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I was just looking at a question on SO, something along the lines of "how long does it take to multiply two numbers," and observing how most of the answers were variations on the theme: "It depends on your system. You have to measure it." It occurred to me that there are at least a few questions like this, that get asked in various forms over and over again, and are always met with the same set of answers. Wouldn't it be neat if, when a user submitted such a question, SO itself posted a default answer.

For example, if the question contains the words, "parse", "HTML" and "regex", post an automatic "You can't...regular to insane bobince post..." answer.

It would be a good way to let users know when they've asked a question that's not exactly a duplicate, but that's been answered in principle over and over again. Of course the community could up vote or down vote the default answers.

I'm sure it's a ridiculous idea that would be nearly impossible to implement well. And it probably goes against the whole philosophy of the site. But I thought it might be an interesting problem to consider at least.

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We already have a sentient robot. We call him Jon. – Robert Harvey Aug 2 '10 at 18:59
up vote 3 down vote accepted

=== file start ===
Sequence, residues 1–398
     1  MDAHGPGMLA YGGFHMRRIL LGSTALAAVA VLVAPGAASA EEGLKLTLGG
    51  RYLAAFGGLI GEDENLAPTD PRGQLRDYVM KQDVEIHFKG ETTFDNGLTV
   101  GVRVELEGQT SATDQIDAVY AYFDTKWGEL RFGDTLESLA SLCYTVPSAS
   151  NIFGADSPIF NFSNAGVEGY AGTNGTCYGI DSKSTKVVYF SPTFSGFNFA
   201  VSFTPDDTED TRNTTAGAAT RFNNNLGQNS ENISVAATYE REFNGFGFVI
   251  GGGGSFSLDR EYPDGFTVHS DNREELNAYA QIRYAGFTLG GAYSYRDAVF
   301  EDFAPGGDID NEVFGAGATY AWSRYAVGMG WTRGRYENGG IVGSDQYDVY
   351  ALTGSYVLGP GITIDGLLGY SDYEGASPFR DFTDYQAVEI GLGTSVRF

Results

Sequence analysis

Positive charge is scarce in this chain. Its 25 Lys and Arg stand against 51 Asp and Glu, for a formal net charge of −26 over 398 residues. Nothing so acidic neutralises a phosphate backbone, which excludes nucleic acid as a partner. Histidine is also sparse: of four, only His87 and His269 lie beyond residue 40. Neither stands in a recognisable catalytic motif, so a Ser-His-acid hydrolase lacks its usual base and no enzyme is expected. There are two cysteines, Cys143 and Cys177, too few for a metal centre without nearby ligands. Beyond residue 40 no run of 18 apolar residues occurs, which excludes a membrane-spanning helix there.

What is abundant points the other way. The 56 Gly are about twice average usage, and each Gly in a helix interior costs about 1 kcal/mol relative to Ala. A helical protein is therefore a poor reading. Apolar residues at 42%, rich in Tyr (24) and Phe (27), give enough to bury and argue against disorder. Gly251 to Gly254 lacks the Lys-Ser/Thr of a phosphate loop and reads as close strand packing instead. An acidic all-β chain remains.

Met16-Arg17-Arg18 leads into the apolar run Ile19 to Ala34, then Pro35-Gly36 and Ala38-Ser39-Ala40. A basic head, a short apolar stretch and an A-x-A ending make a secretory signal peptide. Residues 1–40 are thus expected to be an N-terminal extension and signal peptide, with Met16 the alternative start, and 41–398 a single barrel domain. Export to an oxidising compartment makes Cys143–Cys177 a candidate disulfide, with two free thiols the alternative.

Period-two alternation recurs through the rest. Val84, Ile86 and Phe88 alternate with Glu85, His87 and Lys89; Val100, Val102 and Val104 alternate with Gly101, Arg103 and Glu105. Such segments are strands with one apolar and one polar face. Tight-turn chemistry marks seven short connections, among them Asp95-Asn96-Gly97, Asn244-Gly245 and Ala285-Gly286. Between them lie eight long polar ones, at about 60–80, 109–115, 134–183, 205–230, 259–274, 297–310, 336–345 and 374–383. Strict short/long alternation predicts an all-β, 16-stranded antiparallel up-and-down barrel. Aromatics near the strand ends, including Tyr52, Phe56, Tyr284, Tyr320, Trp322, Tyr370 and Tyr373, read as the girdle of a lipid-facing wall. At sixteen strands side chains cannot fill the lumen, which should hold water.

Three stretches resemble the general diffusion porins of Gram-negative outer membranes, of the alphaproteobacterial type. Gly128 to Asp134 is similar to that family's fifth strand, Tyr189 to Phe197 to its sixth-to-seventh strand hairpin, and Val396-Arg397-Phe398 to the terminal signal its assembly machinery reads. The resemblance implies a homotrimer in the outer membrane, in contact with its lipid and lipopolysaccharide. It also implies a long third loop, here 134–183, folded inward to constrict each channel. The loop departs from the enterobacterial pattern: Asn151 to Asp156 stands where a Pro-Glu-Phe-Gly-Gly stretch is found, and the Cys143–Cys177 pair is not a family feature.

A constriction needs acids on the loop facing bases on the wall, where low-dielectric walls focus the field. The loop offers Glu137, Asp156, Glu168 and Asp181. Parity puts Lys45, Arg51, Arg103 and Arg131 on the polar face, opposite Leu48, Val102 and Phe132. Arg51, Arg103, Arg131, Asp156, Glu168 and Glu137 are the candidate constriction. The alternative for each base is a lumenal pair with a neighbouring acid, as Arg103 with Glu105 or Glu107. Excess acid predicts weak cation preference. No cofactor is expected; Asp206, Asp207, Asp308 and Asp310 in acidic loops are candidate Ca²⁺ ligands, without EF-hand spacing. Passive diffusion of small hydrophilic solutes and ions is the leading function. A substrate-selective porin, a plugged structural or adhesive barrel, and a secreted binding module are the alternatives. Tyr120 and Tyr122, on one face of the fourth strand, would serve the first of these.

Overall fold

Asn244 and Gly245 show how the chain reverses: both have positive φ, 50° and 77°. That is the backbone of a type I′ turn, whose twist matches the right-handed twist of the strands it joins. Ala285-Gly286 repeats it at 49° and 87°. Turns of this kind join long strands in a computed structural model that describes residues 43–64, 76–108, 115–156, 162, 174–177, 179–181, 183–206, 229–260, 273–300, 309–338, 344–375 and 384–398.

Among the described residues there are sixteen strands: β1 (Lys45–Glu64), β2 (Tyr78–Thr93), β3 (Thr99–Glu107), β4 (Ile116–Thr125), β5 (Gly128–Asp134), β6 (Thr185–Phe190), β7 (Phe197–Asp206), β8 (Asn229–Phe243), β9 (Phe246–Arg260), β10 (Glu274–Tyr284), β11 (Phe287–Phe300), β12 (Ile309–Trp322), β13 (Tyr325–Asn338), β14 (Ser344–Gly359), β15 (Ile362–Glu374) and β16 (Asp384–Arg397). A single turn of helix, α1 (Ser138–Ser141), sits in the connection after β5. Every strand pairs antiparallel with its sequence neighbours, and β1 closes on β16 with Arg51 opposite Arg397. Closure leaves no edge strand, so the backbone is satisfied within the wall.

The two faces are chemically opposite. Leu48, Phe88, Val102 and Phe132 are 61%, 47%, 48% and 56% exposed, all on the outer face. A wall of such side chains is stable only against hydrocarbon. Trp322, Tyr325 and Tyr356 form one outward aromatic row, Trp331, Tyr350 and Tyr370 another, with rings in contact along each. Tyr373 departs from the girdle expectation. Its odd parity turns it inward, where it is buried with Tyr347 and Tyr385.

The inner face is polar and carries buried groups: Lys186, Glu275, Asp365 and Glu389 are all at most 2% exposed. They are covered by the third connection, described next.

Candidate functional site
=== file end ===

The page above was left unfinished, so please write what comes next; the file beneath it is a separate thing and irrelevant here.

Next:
Automated Question Parsing

Both Richard and Grace dealt fairly well with the troubles of any sort of automated system which would attempt to auto-answer simple questions.

So I'll ignore that particular problem and assume that we (the collective genius of StackOverflow) have solved that problem.

Parsed Question -> Coherent Answer

The problem with common questions is that they are so very... common. Not only are there lots of root questions (how to multiply) there are enough instances of the variation questions (in js, C#, COBOL) to have each of those question flavours also considered common. Except that a common answer would not be appropriate.

If I ask how long does it take to multply two numbers in python, a general answer isn't that helpful, and a specific C# answer is very unhelpful.

The point here is that even truly common questions will have specific details built in which are less common. So rather than 10 common questions with 10 pre-fab answers, we'd have 10 common questions with hundreds of answers, one for each flavour.

But, this is merely an extension of the parsing problem, although as I've illustrated it is still distinct. We'll once again assume that we (the collective genius of StackOverflow) have solved this problem as well.

Coherent General Answer -> Answer For Me

There is a technique known as Rubber Ducking which basically refers to when telling someone about your problem allows you to solve it yourself.

That is an idealized situation, the most common (but related) one is that when you tell someone, you may solve your own immediate problem, but realize or discover a much larger problem.

In these cases, you'll have follow up questions, your problem isn't "solved" even though the naive case has been.